Document Type

Essay

Publication Title

Connecticut Law Review

Publication Date

2021

Abstract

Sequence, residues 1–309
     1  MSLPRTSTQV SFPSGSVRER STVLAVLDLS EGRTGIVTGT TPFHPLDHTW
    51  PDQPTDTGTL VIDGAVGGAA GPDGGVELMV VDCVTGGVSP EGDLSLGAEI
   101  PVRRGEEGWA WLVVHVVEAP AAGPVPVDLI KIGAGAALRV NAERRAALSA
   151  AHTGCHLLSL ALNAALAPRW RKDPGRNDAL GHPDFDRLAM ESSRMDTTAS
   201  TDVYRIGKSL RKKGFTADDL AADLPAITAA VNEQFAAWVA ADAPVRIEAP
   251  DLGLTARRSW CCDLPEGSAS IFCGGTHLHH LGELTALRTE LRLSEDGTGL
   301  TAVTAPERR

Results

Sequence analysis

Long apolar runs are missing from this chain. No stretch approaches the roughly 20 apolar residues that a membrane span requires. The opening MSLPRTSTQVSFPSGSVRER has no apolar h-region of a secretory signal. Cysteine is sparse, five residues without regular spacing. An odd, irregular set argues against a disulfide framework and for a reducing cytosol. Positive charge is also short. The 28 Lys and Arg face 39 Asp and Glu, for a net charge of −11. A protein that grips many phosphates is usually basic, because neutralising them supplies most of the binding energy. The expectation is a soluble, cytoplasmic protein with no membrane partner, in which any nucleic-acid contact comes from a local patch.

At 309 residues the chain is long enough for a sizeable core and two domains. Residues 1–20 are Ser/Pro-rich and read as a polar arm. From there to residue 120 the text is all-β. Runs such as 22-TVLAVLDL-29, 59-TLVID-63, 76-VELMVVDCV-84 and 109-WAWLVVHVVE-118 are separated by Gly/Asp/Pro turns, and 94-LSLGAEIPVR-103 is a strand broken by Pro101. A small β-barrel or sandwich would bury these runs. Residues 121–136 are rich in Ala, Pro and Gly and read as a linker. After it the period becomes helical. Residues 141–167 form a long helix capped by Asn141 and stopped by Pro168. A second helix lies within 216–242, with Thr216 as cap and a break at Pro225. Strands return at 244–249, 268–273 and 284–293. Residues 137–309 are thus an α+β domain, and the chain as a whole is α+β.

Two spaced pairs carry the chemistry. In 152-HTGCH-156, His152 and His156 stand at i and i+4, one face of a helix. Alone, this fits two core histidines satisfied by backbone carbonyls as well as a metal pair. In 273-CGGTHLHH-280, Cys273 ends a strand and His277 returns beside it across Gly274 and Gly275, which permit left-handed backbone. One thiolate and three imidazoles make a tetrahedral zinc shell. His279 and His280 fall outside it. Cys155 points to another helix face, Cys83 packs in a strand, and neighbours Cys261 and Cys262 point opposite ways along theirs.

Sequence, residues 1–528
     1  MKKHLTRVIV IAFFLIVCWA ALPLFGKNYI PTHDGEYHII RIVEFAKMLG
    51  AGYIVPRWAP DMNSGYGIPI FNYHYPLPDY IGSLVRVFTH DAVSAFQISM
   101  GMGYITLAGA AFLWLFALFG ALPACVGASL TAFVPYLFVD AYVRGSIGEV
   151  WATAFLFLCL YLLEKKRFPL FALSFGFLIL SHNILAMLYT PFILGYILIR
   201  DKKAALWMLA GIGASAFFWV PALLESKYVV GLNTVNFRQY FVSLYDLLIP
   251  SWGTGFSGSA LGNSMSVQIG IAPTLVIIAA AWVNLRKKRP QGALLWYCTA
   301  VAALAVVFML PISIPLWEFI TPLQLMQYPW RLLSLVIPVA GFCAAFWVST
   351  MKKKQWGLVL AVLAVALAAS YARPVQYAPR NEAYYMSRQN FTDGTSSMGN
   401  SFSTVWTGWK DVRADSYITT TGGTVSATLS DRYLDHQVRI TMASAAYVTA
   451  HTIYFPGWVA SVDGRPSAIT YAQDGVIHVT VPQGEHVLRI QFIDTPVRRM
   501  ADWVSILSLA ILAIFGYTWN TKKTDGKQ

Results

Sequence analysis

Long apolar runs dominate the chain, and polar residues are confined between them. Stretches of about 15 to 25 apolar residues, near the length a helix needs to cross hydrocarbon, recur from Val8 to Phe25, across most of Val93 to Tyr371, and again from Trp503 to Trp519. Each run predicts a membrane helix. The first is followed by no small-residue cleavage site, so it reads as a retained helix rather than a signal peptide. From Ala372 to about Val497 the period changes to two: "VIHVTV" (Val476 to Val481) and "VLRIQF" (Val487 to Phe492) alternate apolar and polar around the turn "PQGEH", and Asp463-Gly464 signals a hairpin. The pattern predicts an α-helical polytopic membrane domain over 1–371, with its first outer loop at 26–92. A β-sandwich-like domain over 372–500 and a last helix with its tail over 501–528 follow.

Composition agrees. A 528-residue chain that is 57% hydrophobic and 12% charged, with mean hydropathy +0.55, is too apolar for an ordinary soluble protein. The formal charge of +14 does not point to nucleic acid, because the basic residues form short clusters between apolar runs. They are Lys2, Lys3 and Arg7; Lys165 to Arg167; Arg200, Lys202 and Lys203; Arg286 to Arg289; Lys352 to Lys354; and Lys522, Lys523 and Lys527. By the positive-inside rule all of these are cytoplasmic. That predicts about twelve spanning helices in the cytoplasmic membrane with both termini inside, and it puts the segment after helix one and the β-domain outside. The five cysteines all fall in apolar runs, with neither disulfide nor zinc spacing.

Kent Newmyer’s classics Supreme Court Justice Joseph Story: Statesman of the Old Republic and John Marshall and the Heroic Age of the Supreme Court are important stories about the architects and heroes of the rule of law in America. In Newmyer’s account, Story played a crucial role preserving the republic and building a legal nation out of rival states, and Newmyer’s Story is fundamentally important for students of American history. But in Robert Cover’s account in Justice Accused on northern judges’ deference to slavery, Story is an anti-hero. Sometimes Story stayed silent. In Prigg v. Pennsylvania, Story overvalued formalistic comity. This Essay suggests that Story missed vital opportunities to write a judicial opinion more forcefully recognizing the rights of fugitive slaves under the Fifth Amendment’s due process clause, a preview of Dred Scott but in reverse. One can find a balance between Newmyer’s empathetic charity and Cover’s non-empathetic clarity, to see the value of the rule of law through both interpretations. Thus, they both teach us about law, leadership, and life.

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